Our study has a number of limitations. First, the compromised barriers were probed using fluorescein sodium salt (MW 376.27) leaking through the BRB and BBB. Comparison of a range of fluorescent tracers with different molecular structures and sizes will further define the extent to which the BRB can be used as a surrogate for the BBB. Second, our imaging has been focused on surface cortical vessels, thus care must be taken in extrapolating similarities in retinal vessels to brain vessels other than those superficial on the brain surface. Although, these vessels share many similarities with deeper cerebral vessels in structure and in the way they are affected by bile salts (Greenwood et al., 1991; Seiffert et al., 2004) there are important differences in some of the tight junction proteins (Allt and Lawrenson, 1997) and their associated astrocytes. Another difference has been that two vascular beds have been compared in two separate cohorts of animals. Whilst it would be ideal to image the retina and brain of the same animal simultaneously to allow intra-animal comparisons and remove confounds such as different blood pressures, it was not logistically feasible using our camera system. Fortunately the average blood pressures for the retinal and cortical imaging groups were not significantly different, minimizing possible confounds. Lastly, only male rats were used in this study to remove sex as a potential confound. This is due to inherent differences between male and female physiology, such that they may respond differently to the same pharmacological insult. However, this possibility requires further exploration to ascertain the exact differences that can occur.
Certain eye conditions can lead to BRB compromise without brain and BBB involvement. Indeed, such situations can make it difficult to use BRB changes as a sign of BBB disturbance. Care must be taken to rule out retinal conditions using additional signs and symptoms to avoid confounding this interpretation.
Overall, there are some clear advantages in imaging the retinal vasculature compared to the cortical vessels. First there is no need for any preparatory procedures (i.e., skull thinning or craniotomy). Second, there is lower intra-animal variability for retinal vessels, as there is more homogeneity between the number and diameters of retinal arteries and veins between eyes. Inter-animal variability is also lower as the vasculature is organized in a similar, spoke-like pattern, with two major inner retinal layers, with only minor variations (Figure 1B). In contrast, there is more variability in blood vessel type and size observed in the intraparenchymal vessels (Figure 1A). This is evident in the histograms (Figure 2G) where multiple peaks can be seen in the brain data, likely reflecting the different flow dynamics in differently sized blood vessels. Third, retinal pigment epithelium limits fluorescence from the choroid, thus improving signal-to-noise characteristics for inner retinal vasculature. Finally, the inner retinal vasculature is essentially a “closed loop system,” where blood originating from vessels entering via the optic nerve head will flow into the inner retinal arteries, then to the adjacent capillary bed and drain via neighboring veins that exit via the optic nerve. This allows for robust calculations of circulation times between retinal arteries and veins (Bursell et al., 1992; Arend et al., 2004; Cañas, 2012; Leskova et al., 2013).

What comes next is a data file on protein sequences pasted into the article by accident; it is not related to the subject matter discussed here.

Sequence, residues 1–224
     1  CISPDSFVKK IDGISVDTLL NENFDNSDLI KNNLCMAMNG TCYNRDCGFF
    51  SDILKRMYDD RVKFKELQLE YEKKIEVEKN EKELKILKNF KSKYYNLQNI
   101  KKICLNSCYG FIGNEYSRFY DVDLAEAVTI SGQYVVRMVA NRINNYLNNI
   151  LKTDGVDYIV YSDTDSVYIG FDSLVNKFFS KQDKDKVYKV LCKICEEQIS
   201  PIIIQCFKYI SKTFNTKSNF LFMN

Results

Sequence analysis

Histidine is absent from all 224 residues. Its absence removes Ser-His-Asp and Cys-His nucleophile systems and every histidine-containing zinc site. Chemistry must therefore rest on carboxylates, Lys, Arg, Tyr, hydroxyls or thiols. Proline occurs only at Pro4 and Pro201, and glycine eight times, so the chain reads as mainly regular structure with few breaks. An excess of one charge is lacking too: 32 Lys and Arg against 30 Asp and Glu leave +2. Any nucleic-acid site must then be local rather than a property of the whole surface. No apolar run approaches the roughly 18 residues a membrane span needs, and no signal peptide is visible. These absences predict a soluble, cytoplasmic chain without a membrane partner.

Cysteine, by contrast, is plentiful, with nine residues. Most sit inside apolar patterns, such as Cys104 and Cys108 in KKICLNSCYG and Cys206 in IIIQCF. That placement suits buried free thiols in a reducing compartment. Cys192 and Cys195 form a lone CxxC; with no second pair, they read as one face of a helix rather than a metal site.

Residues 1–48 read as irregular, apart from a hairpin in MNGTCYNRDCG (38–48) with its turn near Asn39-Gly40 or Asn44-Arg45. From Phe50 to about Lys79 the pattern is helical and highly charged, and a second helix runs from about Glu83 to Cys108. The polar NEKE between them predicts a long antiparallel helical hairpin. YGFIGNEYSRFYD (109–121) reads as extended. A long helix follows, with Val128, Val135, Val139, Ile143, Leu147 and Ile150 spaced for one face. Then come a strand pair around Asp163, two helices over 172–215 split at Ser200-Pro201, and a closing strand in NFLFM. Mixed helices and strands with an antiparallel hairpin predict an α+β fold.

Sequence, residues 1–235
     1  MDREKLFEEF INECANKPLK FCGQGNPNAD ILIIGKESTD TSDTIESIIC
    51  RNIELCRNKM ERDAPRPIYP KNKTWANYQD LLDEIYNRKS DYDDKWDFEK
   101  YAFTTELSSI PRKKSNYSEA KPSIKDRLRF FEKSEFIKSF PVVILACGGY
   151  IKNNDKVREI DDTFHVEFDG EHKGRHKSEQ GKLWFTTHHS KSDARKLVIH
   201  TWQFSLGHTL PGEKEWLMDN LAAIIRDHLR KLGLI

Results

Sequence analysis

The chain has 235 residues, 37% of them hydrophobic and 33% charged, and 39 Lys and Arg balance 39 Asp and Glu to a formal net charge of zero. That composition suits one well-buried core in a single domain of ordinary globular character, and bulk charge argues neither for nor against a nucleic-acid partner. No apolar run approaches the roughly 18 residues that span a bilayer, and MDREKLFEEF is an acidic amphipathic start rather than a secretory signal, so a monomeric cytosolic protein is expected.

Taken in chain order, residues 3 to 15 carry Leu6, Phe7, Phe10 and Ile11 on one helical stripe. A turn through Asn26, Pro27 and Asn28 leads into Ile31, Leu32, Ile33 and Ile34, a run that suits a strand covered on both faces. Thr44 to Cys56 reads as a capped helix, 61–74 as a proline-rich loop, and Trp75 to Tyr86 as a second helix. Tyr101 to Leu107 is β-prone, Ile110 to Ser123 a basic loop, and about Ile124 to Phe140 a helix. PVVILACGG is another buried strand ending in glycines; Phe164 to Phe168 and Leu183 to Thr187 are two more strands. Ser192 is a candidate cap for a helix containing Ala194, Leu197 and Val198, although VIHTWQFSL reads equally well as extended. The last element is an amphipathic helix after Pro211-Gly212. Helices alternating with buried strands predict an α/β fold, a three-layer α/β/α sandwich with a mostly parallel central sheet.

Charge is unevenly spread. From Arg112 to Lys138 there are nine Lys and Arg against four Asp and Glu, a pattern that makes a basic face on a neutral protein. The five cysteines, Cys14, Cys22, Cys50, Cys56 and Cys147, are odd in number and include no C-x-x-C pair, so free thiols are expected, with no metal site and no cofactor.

In conclusion, we have developed a method to quantitatively compare fluorescein angiography dynamics in the retina and superficial cortical vessels. We show that systemic disruption of tight junctions results in vascular leakage in both tissues. Interestingly retinal leakage was detectable earlier than in the cortical vessels, thus suggesting that the eye may be a sensitive marker for pharmacological barrier disruption of the CNS.
FH, CN, ZH, BB: Study design, data collection, data analysis, manuscript preparation. AV, RG, RF: Study design, manuscript preparation.
This study was funded by an Australian Research Council Linkage grant (LP160100126).
Conflict of Interest Statement
CN, BB, AV are joint investigators on an Australian Research Council Linkage grant LP160100126. RG and RF are employees of Pfizer, Neuroscience and Pain Research Unit.
The other authors declare that the research was conducted in the absence of any commercial or financial relationships that could be construed as a potential conflict of interest.
A portion of this work was presented at the Association for Research in Vision and Ophthalmology annual meeting in Seattle, USA (Hui et al., 2016).
The Supplementary Material for this article can be found online at: https://www.frontiersin.org/articles/10.3389/fnins.2017.00568/full#supplementary-material
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Keywords: blood retinal barrier (BRB), blood brain barrier (BBB), vascular leakage, retinal vessels, cortical vessels, biomarkers, retinal imaging, fluorescein angiography
Citation: Hui F, Nguyen CTO, He Z, Vingrys AJ, Gurrell R, Fish RL and Bui BV (2017) Retinal and Cortical Blood Flow Dynamics Following Systemic Blood-Neural Barrier Disruption. Front. Neurosci. 11:568. doi: 10.3389/fnins.2017.00568
Received: 14 July 2017; Accepted: 28 September 2017;
Published: 12 October 2017.
Edited by:Pablo Blinder, Tel Aviv University, Israel
Reviewed by:Delia Cabrera DeBuc, University of Miami, United States
Jean Chen, University of Toronto, Canada
Copyright © 2017 Hui, Nguyen, He, Vingrys, Gurrell, Fish and Bui. This is an open-access article distributed under the terms of the Creative Commons Attribution License (CC BY). The use, distribution or reproduction in other forums is permitted, provided the original author(s) or licensor are credited and that the original publication in this journal is cited, in accordance with accepted academic practice. No use, distribution or reproduction is permitted which does not comply with these terms.
*Correspondence: Bang V. Bui, email@example.com